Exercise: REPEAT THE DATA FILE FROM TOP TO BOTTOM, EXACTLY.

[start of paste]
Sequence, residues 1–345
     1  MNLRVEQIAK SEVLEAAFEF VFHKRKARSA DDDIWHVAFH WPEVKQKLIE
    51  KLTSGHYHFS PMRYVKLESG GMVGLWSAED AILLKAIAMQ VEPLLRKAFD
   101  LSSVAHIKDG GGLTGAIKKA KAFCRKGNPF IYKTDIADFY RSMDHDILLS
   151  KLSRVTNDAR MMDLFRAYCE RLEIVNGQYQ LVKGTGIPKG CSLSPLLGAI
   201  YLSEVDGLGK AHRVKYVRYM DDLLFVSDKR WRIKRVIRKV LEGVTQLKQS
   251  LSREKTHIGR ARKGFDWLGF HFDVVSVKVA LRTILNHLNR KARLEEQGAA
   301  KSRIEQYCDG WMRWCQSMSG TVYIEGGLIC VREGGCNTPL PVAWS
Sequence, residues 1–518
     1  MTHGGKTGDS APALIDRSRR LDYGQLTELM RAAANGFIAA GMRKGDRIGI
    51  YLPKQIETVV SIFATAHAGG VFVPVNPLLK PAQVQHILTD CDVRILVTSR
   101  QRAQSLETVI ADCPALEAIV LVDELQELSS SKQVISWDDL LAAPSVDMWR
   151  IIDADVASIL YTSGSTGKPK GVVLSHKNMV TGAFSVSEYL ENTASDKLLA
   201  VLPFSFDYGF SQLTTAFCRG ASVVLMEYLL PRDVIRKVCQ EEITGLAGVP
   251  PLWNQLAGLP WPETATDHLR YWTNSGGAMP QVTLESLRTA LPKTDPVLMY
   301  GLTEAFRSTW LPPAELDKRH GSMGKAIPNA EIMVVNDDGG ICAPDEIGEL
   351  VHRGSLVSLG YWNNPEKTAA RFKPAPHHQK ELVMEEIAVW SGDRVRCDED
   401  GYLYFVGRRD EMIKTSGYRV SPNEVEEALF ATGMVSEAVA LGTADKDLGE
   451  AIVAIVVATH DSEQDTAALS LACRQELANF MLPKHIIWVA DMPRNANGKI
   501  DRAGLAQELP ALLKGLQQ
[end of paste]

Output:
Sequence, residues 1–345
     1  MNLRVEQIAK SEVLEAAFEF VFHKRKARSA DDDIWHVAFH WPEVKQKLIE
    51  KLTSGHYHFS PMRYVKLESG GMVGLWSAED AILLKAIAMQ VEPLLRKAFD
   101  LSSVAHIKDG GGLTGAIKKA KAFCRKGNPF IYKTDIADFY RSMDHDILLS
   151  KLSRVTNDAR MMDLFRAYCE RLEIVNGQYQ LVKGTGIPKG CSLSPLLGAI
   201  YLSEVDGLGK AHRVKYVRYM DDLLFVSDKR WRIKRVIRKV LEGVTQLKQS
   251  LSREKTHIGR ARKGFDWLGF HFDVVSVKVA LRTILNHLNR KARLEEQGAA
   301  KSRIEQYCDG WMRWCQSMSG TVYIEGGLIC VREGGCNTPL PVAWS
Sequence, residues 1–518
     1  MTHGGKTGDS APALIDRSRR LDYGQLTELM RAAANGFIAA GMRKGDRIGI
    51  YLPKQIETVV SIFATAHAGG VFVPVNPLLK PAQVQHILTD CDVRILVTSR
   101  QRAQSLETVI ADCPALEAIV LVDELQELSS SKQVISWDDL LAAPSVDMWR
   151  IIDADVASIL YTSGSTGKPK GVVLSHKNMV TGAFSVSEYL ENTASDKLLA
   201  VLPFSFDYGF SQLTTAFCRG ASVVLMEYLL PRDVIRKVCQ EEITGLAGVP
   251  PLWNQLAGLP WPETATDHLR YWTNSGGAMP QVTLESLRTA LPKTDPVLMY
   301  GLTEAFRSTW LPPAELDKRH GSMGKAIPNA EIMVVNDDGG ICAPDEIGEL
   351  VHRGSLVSLG YWNNPEKTAA RFKPAPHHQK ELVMEEIAVW SGDRVRCDED
   401  GYLYFVGRRD EMIKTSGYRV SPNEVEEALF ATGMVSEAVA LGTADKDLGE
   451  AIVAIVVATH DSEQDTAALS LACRQELANF MLPKHIIWVA DMPRNANGKI
   501  DRAGLAQELP ALLKGLQQ